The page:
Fox News legal analyst hits back after Trump’s attacks: 'classic obstruction’

Fox News senior judicial analyst Andrew Napolitano isn’t backing down from his damning assessment of special counsel Robert Mueller’s report despite attacks from President Donald Trump

Last week, Napolitano said the report exposed a pattern of obstruction by the president that was “unlawful, defenseless and condemnable.”

Trump responded on Twitter by calling Napolitano “dumb” and claiming he had asked for a Supreme Court nomination for himself and a pardon for a friend. 

But Napolitano didn’t back down. On Monday evening, he told Martha MacCallum on Fox News that Mueller’s report detailed how Trump had asked White House counsel Don McGahn to lie to investigators. He called that “classic obstruction” even though McGahn ultimately didn’t do so.

The law, Napolitano said, prohibits “attempted interference” as well as actual interference.  

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WASHINGTON, DC - JUNE 6: Andrew Napolitano, senior judicial analyst for the Fox News Channel, testifies during a Federal Spending Oversight And Emergency Management Subcommittee hearing June 6, 2018 on Capitol Hill in Washington, DC. Members of both parties raised questions about a lack of Congressional oversight of military deployments overseas. (Photo by Aaron P. Bernstein/Getty Images)
WASHINGTON, DC - JUNE 6: Andrew Napolitano, senior judicial analyst for the Fox News Channel, testifies during a Federal Spending Oversight And Emergency Management Subcommittee hearing June 6, 2018 on Capitol Hill in Washington, DC. Members of both parties raised questions about a lack of Congressional oversight of military deployments overseas. (Photo by Aaron P. Bernstein/Getty Images)
WASHINGTON, DC - JUNE 6: Andrew Napolitano, senior judicial analyst for the Fox News Channel, testifies during a Federal Spending Oversight And Emergency Management Subcommittee hearing June 6, 2018 on Capitol Hill in Washington, DC. Members of both parties raised questions about a lack of Congressional oversight of military deployments overseas. (Photo by Aaron P. Bernstein/Getty Images)
NEW YORK, NY - APRIL 02: Arthur Aidala, Judge Andrew Napolitano, Joe Piscopo and Geraldo Rivera attend Sean Hannity & Friends celebrate the publication of 'The Geraldo Show: A Memoir' by Geraldo Rivera at Del Frisco's on April 2, 2018 in New York City. (Photo by Jared Siskin/Patrick McMullan via Getty Images)
Andrew Napolitano, senior judicial analyst for Fox News Channel, arrives in the lobby of Trump Tower in New York, U.S., on Thursday, Dec. 15, 2016. Federal Communications Commission Chairman Tom Wheeler said he'll leave office Jan. 20 as Donald Trump is sworn in as U.S. president, as the agency passes into the hands of Republicans hostile to regulations passed by Democrats including the net-neutrality rule. Photographer: Albin Lohr-Jones/Pool via Bloomberg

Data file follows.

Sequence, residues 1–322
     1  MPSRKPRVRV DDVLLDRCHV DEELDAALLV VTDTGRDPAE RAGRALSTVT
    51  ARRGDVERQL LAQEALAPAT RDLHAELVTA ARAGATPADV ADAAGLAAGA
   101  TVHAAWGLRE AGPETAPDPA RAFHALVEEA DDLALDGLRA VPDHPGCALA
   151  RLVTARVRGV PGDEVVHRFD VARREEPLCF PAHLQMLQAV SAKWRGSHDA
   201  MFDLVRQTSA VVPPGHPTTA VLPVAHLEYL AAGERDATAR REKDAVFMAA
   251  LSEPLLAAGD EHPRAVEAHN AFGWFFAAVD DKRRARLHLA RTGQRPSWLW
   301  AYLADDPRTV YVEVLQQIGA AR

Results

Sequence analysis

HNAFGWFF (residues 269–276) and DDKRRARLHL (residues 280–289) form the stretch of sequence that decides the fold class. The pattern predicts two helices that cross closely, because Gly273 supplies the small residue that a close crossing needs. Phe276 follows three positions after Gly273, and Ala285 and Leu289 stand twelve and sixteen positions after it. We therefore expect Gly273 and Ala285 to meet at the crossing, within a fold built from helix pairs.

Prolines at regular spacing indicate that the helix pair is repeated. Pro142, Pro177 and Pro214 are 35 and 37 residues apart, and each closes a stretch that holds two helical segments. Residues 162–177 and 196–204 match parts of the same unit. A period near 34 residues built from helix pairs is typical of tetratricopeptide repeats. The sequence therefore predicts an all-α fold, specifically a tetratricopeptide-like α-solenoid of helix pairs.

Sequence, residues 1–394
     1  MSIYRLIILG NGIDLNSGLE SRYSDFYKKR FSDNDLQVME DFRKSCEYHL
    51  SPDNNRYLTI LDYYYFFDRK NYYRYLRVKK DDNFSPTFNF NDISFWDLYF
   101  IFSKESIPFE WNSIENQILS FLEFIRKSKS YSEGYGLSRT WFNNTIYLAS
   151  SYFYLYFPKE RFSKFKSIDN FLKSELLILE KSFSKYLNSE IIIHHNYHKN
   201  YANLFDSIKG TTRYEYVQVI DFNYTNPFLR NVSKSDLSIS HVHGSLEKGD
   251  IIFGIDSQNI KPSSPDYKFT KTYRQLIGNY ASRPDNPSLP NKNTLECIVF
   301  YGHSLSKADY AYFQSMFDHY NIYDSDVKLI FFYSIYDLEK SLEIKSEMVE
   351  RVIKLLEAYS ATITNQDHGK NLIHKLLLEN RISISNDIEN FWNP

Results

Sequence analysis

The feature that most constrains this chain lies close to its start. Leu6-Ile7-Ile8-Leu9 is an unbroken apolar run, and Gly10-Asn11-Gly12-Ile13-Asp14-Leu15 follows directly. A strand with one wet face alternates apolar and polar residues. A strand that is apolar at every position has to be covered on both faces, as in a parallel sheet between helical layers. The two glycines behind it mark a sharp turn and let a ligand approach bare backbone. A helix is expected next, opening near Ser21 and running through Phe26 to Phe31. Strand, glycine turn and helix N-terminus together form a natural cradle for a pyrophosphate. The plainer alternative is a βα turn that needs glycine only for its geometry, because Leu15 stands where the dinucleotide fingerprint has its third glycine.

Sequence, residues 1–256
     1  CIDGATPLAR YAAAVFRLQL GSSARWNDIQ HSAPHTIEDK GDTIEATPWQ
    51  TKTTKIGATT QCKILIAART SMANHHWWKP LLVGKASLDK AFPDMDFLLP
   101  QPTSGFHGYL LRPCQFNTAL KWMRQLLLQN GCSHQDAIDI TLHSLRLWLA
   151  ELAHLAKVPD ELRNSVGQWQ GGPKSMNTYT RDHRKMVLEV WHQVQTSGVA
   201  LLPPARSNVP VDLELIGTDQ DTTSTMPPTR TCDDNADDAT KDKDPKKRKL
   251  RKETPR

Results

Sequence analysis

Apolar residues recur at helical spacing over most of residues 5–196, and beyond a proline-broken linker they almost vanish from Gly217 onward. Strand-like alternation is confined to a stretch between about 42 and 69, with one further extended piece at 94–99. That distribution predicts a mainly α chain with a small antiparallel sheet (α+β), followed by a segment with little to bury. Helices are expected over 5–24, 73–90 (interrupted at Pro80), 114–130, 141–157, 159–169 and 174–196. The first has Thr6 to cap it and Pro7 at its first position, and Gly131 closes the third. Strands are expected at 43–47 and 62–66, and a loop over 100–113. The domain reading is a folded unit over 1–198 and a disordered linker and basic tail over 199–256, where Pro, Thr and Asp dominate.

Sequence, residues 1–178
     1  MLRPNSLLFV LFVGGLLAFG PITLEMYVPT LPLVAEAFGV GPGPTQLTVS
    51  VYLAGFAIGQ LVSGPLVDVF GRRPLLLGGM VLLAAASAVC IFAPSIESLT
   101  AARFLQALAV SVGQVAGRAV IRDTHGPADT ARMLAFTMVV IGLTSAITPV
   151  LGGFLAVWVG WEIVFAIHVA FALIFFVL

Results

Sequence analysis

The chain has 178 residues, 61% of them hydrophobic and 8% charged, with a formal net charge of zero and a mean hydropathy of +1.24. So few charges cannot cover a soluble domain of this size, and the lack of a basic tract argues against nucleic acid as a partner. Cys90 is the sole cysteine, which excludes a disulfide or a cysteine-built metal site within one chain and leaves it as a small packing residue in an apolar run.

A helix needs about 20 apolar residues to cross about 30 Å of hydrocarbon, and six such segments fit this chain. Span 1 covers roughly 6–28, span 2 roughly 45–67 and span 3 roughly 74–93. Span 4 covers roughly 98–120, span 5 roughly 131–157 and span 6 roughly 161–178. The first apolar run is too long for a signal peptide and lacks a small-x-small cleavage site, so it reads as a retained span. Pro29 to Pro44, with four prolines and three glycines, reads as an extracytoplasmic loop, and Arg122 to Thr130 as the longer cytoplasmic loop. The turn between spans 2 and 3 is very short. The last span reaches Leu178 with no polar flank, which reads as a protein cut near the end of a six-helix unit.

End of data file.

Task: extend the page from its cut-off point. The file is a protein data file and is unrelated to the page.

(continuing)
Judge Andrew Napolitano, the senior judicial analyst for Fox News, arrives at Trump Tower in New York on December 15, 2016. / AFP / JIM WATSON (Photo credit should read JIM WATSON/AFP/Getty Images)
NEW YORK, NY - APRIL 02: Judge Andrew Napolitano, Kennedy and Bill Hemmer attend Sean Hannity & Friends celebrate the publication of 'The Geraldo Show: A Memoir' by Geraldo Rivera at Del Frisco's on April 2, 2018 in New York City. (Photo by Jared Siskin/Patrick McMullan via Getty Images)
NEW YORK, NY - MAY 02: Judge Andrew Napolitano attends the Greater Talent Network 30th anniversary party at the United Nations on May 2, 2012 in New York City. (Photo by D Dipasupil/FilmMagic)
NEW YORK, NY - MAY 07: Judge Andrew Napolitano seen on the streets of Manhattan on May 7, 2012 in New York City. (Photo by D Dipasupil/Getty Images)
NEW YORK, NY - MAY 07: Judge Andrew Napolitano seen on the streets of Manhattan on May 7, 2012 in New York City. (Photo by D Dipasupil/Getty Images)
Former New Jersey Superior Court Judge and now a Fox News legal and political analyst Andrew Napolitano speaks to the We Texans rival political party in Dallas. The group was shut out from the Republican Convention in Dallas over the weekend and met at another local hotel. (Photo by Robert Daemmrich Photography Inc/Corbis via Getty Images)
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Earlier in the day, Napolitano told Fox Business host Maria Bartiromo that the pardon incident Trump tweeted about was for a mutual friend, and was brought up by Trump. He also denied seeking a Supreme Court seat, saying that while he was pitching Neil Gorsuch ― who was eventually picked ― Trump also asked him to pitch himself. 

However, in 2017, Politico reported that Napolitano had boasted to friends about being on the short list for a Supreme Court seat. At around the same time, Napolitano claimed ― without evidence ― that British spies had wiretapped Trump during the campaign for then-President Barack Obama. 

Fox News suspended Napolitano for making that claim.

On Monday, Napolitano told Bartiromo that Trump’s attack on him was “brilliant” because the president wanted to divert attention from the Mueller report. 

“His relationship with me is not the story,” Napolitano told Bartiromo. “We’ve been friends for 30 years and probably will be for the next 30 years.”

That long relationship didn’t stop Napolitano from sharing a story on Twitter warning that his old friend could lose key states to former Vice President Joe Biden in next year’s election:

  • This article originally appeared on HuffPost.
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